Lessons from an Older Pastor

Somewhere in northern Georgia, just five miles from the Alabama state line, sits a small church that few people have heard of, New Beginning Bible Church. To get there, you have to intend to. You have to take a few mountain roads, hairpin curves, get lost, turn right, and then you’re there.

You probably have not heard of New Beginning because only thirty people attend there each Sunday. You probably have not heard of the church because you’ve never been lost in the mountains of northern Georgia. And you probably have not heard of the church because their pastor is not famous. But if you ever get the chance to take him out to eat when you’re in town, I highly recommend it. There’s a lot to learn from him.

Michael Dunwoody is sixty years old, so not very old but definitely old enough to be my father. Nearly completely bald with a pure white goatee, he looks distinguished and trustworthy. He has been the pastor of New Beginning Bible Church ever since he planted it on the mountain in 1995, and he has been in ministry for thirty-seven years. I want to learn from this older pastor.

So a few minutes before noon, I walk into Guthrie’s Restaurant. Pastor Michael is already there, waiting. He’s never been to Guthrie’s before, so I explain it is like Zaxby’s except different. We both get chicken finger plates and find a booth in a quiet corner of the restaurant.

I respect Michael for many things, but especially his gentle pastor’s heart and faithful Bible teaching. I don’t know what kind of preaching comes to your mind when you think of a country church in Georgia, but I can tell you that the depth and quality of Bible teaching at New Beginning is second to none.

What does it take for a pastor to faithfully feed his people for thirty-seven years? For Michael, it’s the priority of studying. Studying does not come naturally to him, he tells me. He’d rather be out with the people. And he does plenty of that, but he is convinced of the vital importance of studying so you have something to preach each Sunday.

“Sitting in that 12×13 room is the hardest thing I do as a pastor,” he says, and he means it. It reminds me of John MacArthur’s alleged advice on preaching: “Keep your rear end in the chair till you’ve understood what [the text] means.” Michael puts this into practice, studying late into the evening after he has visited his people throughout the day.

“You can’t study enough,” he insists. Now I can think of some recent seminary grads who might be the exception to that statement, but I understand what Michael means. He understands the importance of studying so he can unleash God’s Word verse by verse, week after week. It’s not his favorite thing to do, but he knows it is important.

As we are finishing up our meal, I make a comment about how he seems to preach without notes. Does he just have a phenomenal memory, or what? Michael tells me that he has preached his whole life without taking notes into the pulpit. He wants to know the sermon so well that it flows out of him. But as he gets older he doesn’t trust his memory—so now he uses a sticky note in his Bible with the main points. I’m impressed. Not only does he prepare well and exposit the passage clearly, but he also internalizes the message so well that he preaches it unencumbered by notes.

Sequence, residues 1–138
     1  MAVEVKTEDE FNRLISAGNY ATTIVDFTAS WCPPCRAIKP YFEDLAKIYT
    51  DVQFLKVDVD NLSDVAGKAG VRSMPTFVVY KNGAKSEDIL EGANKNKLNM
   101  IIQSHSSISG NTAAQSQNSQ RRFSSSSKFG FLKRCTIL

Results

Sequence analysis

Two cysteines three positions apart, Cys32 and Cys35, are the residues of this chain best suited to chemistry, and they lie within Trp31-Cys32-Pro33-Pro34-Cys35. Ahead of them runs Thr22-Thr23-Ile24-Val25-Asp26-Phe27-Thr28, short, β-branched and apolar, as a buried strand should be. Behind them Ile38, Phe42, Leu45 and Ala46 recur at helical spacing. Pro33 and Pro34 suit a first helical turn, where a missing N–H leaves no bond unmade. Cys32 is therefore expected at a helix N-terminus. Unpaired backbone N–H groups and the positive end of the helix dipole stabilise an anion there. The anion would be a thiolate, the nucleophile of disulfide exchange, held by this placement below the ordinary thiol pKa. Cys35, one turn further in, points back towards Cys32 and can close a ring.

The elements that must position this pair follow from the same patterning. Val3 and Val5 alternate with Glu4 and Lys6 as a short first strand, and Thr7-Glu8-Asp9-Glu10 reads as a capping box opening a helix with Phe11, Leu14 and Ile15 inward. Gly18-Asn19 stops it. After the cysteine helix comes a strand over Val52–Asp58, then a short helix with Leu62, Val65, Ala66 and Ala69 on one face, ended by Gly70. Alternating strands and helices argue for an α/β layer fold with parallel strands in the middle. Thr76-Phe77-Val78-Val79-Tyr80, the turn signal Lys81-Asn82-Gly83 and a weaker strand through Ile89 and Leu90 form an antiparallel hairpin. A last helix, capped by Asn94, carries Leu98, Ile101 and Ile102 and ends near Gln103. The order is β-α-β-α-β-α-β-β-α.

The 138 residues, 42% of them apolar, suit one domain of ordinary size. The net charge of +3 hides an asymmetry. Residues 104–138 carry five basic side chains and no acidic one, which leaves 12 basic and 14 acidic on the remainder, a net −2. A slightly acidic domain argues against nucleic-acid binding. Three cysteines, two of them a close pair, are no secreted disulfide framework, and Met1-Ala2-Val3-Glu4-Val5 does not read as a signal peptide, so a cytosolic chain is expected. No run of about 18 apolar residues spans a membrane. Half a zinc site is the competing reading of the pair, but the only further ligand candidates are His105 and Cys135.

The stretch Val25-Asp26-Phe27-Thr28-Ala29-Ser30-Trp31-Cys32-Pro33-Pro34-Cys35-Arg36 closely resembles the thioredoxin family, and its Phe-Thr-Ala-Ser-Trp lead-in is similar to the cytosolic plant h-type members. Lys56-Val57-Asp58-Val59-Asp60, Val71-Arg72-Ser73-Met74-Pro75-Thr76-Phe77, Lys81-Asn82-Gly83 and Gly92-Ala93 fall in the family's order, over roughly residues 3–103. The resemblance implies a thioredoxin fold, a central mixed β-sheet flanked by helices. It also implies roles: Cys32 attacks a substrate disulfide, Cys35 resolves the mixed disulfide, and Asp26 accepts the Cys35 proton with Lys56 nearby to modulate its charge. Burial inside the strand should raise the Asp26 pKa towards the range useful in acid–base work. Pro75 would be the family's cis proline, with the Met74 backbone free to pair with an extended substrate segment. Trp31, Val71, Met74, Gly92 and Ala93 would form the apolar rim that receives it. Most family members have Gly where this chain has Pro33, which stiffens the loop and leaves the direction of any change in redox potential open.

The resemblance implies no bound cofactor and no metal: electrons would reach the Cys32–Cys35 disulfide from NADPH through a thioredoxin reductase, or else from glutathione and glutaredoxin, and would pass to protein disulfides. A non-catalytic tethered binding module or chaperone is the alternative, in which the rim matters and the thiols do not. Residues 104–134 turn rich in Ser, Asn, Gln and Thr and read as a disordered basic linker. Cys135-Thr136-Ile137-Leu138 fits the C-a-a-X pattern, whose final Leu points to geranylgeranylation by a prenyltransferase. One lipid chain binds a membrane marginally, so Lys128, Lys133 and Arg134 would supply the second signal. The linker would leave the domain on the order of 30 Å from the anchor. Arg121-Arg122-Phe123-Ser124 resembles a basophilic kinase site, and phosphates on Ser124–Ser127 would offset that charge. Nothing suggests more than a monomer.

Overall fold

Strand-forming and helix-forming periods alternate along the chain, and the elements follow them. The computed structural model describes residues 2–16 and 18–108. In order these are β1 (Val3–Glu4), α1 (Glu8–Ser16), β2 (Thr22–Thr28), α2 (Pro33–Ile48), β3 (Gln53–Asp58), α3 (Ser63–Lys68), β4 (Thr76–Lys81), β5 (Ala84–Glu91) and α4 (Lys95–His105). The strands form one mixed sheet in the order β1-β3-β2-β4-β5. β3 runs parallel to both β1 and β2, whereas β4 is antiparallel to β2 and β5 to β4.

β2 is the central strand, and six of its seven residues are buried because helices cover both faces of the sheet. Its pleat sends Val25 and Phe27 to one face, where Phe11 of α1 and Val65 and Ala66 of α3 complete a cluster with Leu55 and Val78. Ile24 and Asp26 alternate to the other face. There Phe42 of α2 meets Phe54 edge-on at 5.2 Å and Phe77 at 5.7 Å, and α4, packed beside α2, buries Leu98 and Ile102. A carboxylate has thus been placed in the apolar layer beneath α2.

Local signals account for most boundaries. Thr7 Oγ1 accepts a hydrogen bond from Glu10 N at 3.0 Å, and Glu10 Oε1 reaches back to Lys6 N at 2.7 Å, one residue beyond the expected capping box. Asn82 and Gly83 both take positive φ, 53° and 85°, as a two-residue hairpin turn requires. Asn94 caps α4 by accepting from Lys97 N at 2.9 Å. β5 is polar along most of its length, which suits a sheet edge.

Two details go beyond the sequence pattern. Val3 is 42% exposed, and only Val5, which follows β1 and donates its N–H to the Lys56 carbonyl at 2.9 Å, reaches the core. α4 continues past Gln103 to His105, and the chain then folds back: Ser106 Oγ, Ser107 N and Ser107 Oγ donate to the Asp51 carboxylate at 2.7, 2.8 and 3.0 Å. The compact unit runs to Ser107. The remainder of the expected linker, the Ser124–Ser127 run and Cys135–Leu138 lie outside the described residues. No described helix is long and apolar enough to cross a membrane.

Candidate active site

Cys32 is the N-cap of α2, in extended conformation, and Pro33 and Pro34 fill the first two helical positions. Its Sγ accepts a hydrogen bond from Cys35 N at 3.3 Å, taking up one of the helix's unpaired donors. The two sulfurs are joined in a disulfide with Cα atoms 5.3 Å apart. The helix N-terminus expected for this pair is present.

Why, I finally blurt out. If some days it’s torture to keep himself strapped to his office chair, if he’d rather be out with his flock 24/7, if this is such hard work, then why? Without hesitating, he replies, “For changed lives.” He is motivated each week by the joy of seeing his people take the Word and apply it to their lives. I think his laser focus on changed lives guards him from becoming too heady or boring. His presentation is vibrant, simple, and occasionally humorous.

It’s almost been two hours, and I feel like we could continue talking all day. Since I want to learn from an older pastor, I ask one more question: What advice would he have for younger pastors. He reminds me a bit of Churchill when he responds, “Never give up.” Too many pastors, he believes, quit too soon, even after six months if they’re not seeing the results they want. After twenty-two years at the same church, Michael says he is just beginning to see the gospel break through in the community. It takes time, and so young pastors must not give up.

I’m inspired by the example of Pastor Michael. I’m reminded of the importance of preaching, and how a pastor may need to lock himself in his office until he has a word from the Lord, and how it will take longer that he expects.

Pastor Michael hops in his truck to drive back up the mountain, and I head back to my family. I’m convinced once again that success in ministry can never be assessed by such cheap measurements as attendance or fame.

So if you’re ever lost somewhere in northern Georgia, I highly recommend you look up Michael Dunwoody. There’s a lot to learn from him.

Who is an older pastor or older person that you have learned from?


I thank God for the friendship of Michael and Sheila Dunwoody. Michael has served as senior pastor of New Beginning Bible Church in Menlo, Georgia, for 22 years. 

 

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